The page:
Locost Push Rod Rear Suspension

I’ve finally got around to making the Push Rod Rear Suspension. (NB. I’ll use lock nuts on final assembly)

For some reason, I think it was a lack of threaded inserts, I hadn’t made the push rods. This meant that the car could never be put down on it’s wheels.

I used push rods and in-board cantilever suspension to get a rising spring rate and the hub weight down. Hopefully, with this set-up there will be no need for either front or rear anti-roll bars.

Another reason for not getting this far, was I didn’t have the alignment equipment needed to set it all up.

Since then I have purchased a couple of highly accurate digital spirit levels and an old fashioned Dunlop Camber and Caster level.

Dual Axis Digital Spirit LevelDunlop Camber and Caster Gauge

I used 5/8″ UNF rose joints everywhere (they were cheap and with the fine thread meant adjust-ability would be excellent), so I have also bought 2 off, 3 metre lengths on 5/8″ steel tube. By removing the upright and threading the 3m bar through the wishbones you can accurately set not just the required wishbone length, but also the neutral toe in / toe out. You can double check that the bars are parallel to the chassis rails. I also have a laser alignment set-up, but at this stage, I found this easier and quicker.

When aligning the bars, I set them exactly horizontal by propping them up on spacers. The rose joints were then turned so that the centre of each hole and the sides of the chassis rails, were close to identical on both sides of the car (0.11mm in my case – although very hard to measure as the rose joint hole moves as you swivel the bearing).

With 3 metre bars through the wishbones on both sides, the distance between the bars should be exactly the same at both ends of the bar (neutral toe in). Over a 3 metre length, an difference of 1mm, would mean there is 0.019° toe in / toe out. Due the thread spacing of UNF and my adjustment arrangement, I couldn’t get mine exactly neutral. I ended up with the bars being 0.3mm closer at the far end than at the hub end (0.00573° toe in).

According to ‘Chassis Engineering’ by Herb Adams the maximum Anti Squat for a road car is 25%. Other sources suggest higher but not for 4×4.

Anti Squat Independent Push Rod Rear Suspension

 

A long time ago, I’d had one of those facebook messages that gets you worried. The guy was ranting on about how my suspension design would never work and the bushes would bind up and destroy themselves in seconds. So over the last year or so, I’ve re-visited my Kangaloosh, rFactor and SuspEdit calculations and bought some more books. I’ve also spent several hours reading just about any blog site I could find. I couldn’t see anything obvious wrong with my calculations but as I’d never done this kind of thing before, I was obviously missing something.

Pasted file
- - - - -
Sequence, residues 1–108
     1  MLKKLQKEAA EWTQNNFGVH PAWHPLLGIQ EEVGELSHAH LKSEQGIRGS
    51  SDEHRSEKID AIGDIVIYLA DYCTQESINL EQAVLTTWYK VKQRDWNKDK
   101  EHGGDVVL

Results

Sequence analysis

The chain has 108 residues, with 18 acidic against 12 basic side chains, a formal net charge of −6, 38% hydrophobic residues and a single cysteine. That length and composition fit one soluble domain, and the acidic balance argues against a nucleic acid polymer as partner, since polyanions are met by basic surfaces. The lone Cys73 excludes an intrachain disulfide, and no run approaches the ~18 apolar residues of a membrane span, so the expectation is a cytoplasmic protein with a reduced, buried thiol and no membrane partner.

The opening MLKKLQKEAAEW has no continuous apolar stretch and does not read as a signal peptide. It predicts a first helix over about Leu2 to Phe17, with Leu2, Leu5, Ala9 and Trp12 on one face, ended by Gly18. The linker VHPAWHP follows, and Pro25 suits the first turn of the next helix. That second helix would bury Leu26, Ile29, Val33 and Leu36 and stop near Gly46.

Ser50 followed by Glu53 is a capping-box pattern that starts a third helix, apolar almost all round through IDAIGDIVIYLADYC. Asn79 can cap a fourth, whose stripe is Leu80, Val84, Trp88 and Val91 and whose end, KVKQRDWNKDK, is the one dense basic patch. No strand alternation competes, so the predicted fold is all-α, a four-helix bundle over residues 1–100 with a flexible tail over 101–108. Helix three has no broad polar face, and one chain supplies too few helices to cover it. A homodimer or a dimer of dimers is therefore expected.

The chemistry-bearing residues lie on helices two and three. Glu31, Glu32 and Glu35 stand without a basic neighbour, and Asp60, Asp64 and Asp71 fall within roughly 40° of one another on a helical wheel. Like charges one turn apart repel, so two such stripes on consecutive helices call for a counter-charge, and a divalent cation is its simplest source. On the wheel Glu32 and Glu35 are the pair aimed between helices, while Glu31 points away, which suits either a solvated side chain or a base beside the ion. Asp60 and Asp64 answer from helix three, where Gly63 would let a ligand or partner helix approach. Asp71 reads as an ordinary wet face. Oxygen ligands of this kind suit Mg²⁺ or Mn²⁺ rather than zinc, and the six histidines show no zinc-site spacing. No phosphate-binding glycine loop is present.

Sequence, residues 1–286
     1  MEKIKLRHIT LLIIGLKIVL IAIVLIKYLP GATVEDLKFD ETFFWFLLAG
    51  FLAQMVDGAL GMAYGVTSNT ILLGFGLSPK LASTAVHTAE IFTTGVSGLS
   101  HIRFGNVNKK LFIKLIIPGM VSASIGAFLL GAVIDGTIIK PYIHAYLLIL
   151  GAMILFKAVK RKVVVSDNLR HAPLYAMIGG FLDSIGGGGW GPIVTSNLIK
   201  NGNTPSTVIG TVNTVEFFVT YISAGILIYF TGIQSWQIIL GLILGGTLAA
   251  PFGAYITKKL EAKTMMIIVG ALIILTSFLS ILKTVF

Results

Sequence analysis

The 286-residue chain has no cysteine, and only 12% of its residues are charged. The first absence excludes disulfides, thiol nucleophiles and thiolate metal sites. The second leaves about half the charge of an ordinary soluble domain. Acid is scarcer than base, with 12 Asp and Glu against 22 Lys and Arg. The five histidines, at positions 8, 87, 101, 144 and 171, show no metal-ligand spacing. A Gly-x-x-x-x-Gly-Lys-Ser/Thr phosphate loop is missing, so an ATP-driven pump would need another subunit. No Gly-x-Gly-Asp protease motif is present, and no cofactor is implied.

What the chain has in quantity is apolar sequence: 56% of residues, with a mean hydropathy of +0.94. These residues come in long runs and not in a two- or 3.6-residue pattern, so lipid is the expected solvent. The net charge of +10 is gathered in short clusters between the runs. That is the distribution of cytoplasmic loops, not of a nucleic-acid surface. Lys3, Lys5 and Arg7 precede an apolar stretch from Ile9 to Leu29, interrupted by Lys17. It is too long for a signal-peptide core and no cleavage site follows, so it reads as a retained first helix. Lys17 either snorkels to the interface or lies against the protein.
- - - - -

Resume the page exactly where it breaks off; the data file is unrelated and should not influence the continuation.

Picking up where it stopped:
Most of the blogs I found were for some form of racing e.g. Brisca, Touring of Offroad. My car is 100% designed for the road. It has a very low centre of gravity, it is only elbow height and quite short. It has double A-arm suspension rather than struts etc. Therefore I couldn’t ‘rob’ their calculations, so anything I’ve done is unproven and essentially ‘made up’.

Push Rod Rear Suspension Geometry

100% anti squat

The above drawing shows how I would set-up for 100% anti squat. My IC (red dot) is below the 100% anti squat line and several feet further forward.

Anti Squat IRS

Whilst researching, I found this blog of someone setting up a ’67 Mustang for Pro Touring Racing.

Anti Squat IRS

The wheelbase is similar (8″ difference), the tyres are slightly wider but similar, the CG (centre of gravity) is roughly 50/50 front to back etc.
When looking at pages like this, you must remember that this ‘touring car’ is set up for racing, on perfectly smooth tarmac, with the centre of gravity (CG) being relatively high.  If I was to use these measurements, the CG would be roughly the same height as my eyes and with the IC falling above the 100% anti-squat line, away from the track, on British tarmac, this car would hop and jump all over the place.

Therefore, although these images are very interesting, from which much can be learnt, they are no practical use to me.

I was a little nervous when I put the hubs in place, everything would bind and jam solid. I’d left the shocks disconnected so everything could move freely.

Whilst re-attaching the uprights, a huge penny dropped. The guy giving me the hassle probably hadn’t spotted that I was only using urethane bushes at the inner end of the arm. At the hub end I’m using rose joints. These allow the hub to rotate; very slightly; preventing the bushes from locking up.

In case you’re wondering; everything moves very freely. I hate to say ‘friction free’ but it certainly felt that way.

Push Rod Rear Suspension Equations

I don’t want to publish too many of my calculations as I find doing that just ends up with tons of questions for cars I have no clue about.
My worry is that someone could copy my dimensions and use them on something completely different like a monster truck.
Beside before this car hits the road, they may change and after I drive it – change again.

My suggestion is to plot everything 1:1 scale in fully up and fully down positions. Once happy with that, graph a few positions in between.

Locost Anti Squat Push Rod Rear Suspension

As usual; with most things I start; there were still a few nuts missing. In a couple places, as a temporary interim, I’ve used secondhand items, but once this car hits the road everything will be new high tensile items Grade 5 (8.8). All the joints are TIG welded in case you’re wondering.

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